If you truly have your heart set on a certain items for your wedding day such as candles, rose petals, or sparklers, it’s a very good idea to inquire with your wedding venue to make sure that they allow it.
Many couples are disheartened to discover that once they’ve booked their perfect wedding venue, they aren’t allowed to have specific elements included on their big day. In fact, this is fairly common.
The wedding venues don’t do this to upset clients. There are usually very good reasons why they decline the use of some things. However, as mentioned before, if you really want something included on your wedding day, it’s smart to ask these questions up front, before you book your venue.
Take a look below at the most common items that many wedding venues do not allow—and please note that this doesn’t necessarily mean that we at Platinum don’t allow them. This is simply general information.
If you’ve been anywhere near Pinterest or wedding photography in the last few years, you know that one of the most popular wedding send-off items is sparklers. Couples love them for their photogenic quality, and they are fun in person for your guests, too.
However, wedding venues often say no to sparklers over the concern that they will catch onto something flammable—or, at the very least, they worry about them catching onto something that can be damaged, like a dress or hair.
If you want something venue-friendly that produces light, consider fiber-optic wands or glow sticks instead of sparklers.
Because candlelight is the most romantic lighting, many couples dream of a soft, candlelit ceremony or reception. However, many wedding venues do not allow candles with real fire, due to the fact that it’s simply too dangerous. Weddings often include small children and guests who have had a lot to drink, and many venue owners deem fire too large a risk. Even if a wedding venue does allow real-fire candles, it’s often limited to very few.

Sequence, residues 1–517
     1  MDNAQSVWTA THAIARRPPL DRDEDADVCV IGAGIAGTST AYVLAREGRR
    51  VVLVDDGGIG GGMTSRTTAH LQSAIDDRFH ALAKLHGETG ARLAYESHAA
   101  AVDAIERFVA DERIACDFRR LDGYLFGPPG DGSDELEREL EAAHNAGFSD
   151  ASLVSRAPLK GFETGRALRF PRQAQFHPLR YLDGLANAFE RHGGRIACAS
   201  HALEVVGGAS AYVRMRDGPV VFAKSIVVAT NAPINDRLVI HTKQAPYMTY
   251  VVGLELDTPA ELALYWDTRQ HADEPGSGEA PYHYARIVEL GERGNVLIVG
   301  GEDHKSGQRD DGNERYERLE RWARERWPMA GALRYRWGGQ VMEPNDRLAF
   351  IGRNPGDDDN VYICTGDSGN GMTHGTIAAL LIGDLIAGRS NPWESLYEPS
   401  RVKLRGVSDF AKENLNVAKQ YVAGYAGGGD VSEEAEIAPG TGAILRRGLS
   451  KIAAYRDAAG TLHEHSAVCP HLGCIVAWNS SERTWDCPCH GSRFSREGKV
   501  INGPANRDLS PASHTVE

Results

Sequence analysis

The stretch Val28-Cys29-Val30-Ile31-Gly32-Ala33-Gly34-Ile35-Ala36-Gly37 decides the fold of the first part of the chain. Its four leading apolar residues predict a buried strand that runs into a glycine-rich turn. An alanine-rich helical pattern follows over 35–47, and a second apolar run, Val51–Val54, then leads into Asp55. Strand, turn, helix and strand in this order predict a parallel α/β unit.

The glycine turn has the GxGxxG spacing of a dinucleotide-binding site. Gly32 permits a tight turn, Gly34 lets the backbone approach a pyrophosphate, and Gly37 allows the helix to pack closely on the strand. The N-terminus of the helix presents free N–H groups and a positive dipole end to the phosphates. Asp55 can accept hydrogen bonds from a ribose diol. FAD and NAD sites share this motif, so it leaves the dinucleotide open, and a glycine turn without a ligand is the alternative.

If your dream venue says “no” to candles and you want them, consider LED battery-operated candles. These have been designed to have a very realistic appearance. It won’t be the real thing, but you may want to keep them in mind.
Many wedding venues, especially if they are older or historical, will ban the use of nails, tacks, tape, putty, Velcro, command strips, or hooks for decorating. This can be very frustrating for couples who plan to do their own decorating, but the venue manager may have some suggestions.
They may allow you to use other methods such as fishing line, lace, and/or ribbon to decorate. You can also consider using easels for signs, up-lighting instead of much décor, or extra flowers.
By now, everyone knows that rice is not a good idea to toss. Not only is it a serious falling hazard, it’s bad for animals and terrible to clean up.
However, there are still some couples who love the tradition of throwing rice. If this is you, though, beware: not many venues will allow this anymore.
Confetti And Party Poppers
Another very popular wedding send-off item is confetti, because it’s colorful, festive, and looks great in photos. But because it’s such a headache to clean up, many wedding venues shut confetti down.
If you have your heart set on confetti, you should check with your venue—or consider something else that’s fun, such as bubble guns.
Many wedding venues have banned rose petals from being tossed or used as decoration. The reasons vary: some say it’s a slipping hazard, some say that the rose petals will stain the floor, and others simply say it’s too annoying to clean up. Whatever the reason, it seems that more and more wedding venues are declining to allow rose petals, or any flower petals at all.
If you want your flower girl to toss rose petals, or if you want them as décor, consider using fake petals if the venue will permit it.
Some couples dream of kicking their marriage off with a bang, literally, with celebratory fireworks. If this is you, then you’ll definitely need to check with your wedding venue first, as fireworks are some of the most state-by-state wedding items out there.
If you’re a glitter person and can’t envision your big day without it—good luck! Like rice, most wedding venues have said a big NO to glitter. It’s a nightmare to clean, it gets all over everything, and it’s not good for the environment.
You may need to get creative and find a good shiny alternative to glitter if you truly want the aesthetic.
If you find out that your wedding venue doesn’t allow an element that you want for your wedding, it will be up to you whether you sacrifice the venue or that element. The most important thing to remember is to ask before booking.